Authors: Mawuli P. Gavor; Bryan T. Stinchfield
Addresses: Franklin & Marshall College, P.O. Box 3003, Lancaster, PA 17604, USA. ' Department of Business, Organizations, and Society, Franklin & Marshall College, P.O. Box 3003, Lancaster, PA 17604, USA
Abstract: The dominant view among social scientists and policy makers has been that corruption has a mostly negative effect on economic growth - especially in developing countries. However, some scholars have shown support for the efficient grease hypothesis (EGH), which is that corruption can increase the efficiency of some economic transactions. Based on the EGH and Hofstede's (1983) work on national culture, we theorise that nepotism and corruption in developing countries facilitates the new venture creation process, and thereby reinforces the persistent nature of corruption. Implications for policy makers are also discussed.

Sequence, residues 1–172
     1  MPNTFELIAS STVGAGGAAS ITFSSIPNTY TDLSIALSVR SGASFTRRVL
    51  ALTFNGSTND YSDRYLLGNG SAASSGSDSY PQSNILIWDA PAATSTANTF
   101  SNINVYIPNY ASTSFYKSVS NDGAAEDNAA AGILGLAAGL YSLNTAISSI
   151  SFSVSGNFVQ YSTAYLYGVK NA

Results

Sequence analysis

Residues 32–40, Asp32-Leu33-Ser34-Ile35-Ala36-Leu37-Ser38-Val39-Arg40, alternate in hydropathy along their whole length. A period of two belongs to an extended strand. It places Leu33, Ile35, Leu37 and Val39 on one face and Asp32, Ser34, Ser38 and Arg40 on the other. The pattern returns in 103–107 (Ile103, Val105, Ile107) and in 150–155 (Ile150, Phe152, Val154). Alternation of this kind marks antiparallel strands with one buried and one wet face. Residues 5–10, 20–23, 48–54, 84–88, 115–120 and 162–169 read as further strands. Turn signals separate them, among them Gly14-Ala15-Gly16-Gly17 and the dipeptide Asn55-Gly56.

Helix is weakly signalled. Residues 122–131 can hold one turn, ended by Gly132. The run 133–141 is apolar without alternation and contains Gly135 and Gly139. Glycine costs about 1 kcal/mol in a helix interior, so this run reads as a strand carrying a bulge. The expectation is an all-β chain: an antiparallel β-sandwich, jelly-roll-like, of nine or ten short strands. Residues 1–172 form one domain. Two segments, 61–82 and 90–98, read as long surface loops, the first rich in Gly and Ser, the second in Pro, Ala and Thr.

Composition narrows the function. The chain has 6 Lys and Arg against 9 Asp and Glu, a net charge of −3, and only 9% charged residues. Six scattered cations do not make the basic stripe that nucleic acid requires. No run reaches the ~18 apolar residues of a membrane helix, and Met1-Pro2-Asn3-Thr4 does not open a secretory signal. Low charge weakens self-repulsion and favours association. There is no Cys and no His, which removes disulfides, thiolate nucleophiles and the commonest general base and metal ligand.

Keywords: corruption; new ventures; developing countries; culture; nepotism; new venture creation; economic growth; efficient grease hypothesis; efficiency; economic transactions; Geert Hofstede; national cultures; small and medium-sized enterprises; SMEs; entrepreneurs; entrepreneurship; family issues; families; gender issues.
International Journal of Entrepreneurship and Small Business, 2013 Vol.18 No.1, pp.1 - 14
Received: 08 May 2021
Accepted: 12 May 2021
Published online: 28 Nov 2012 *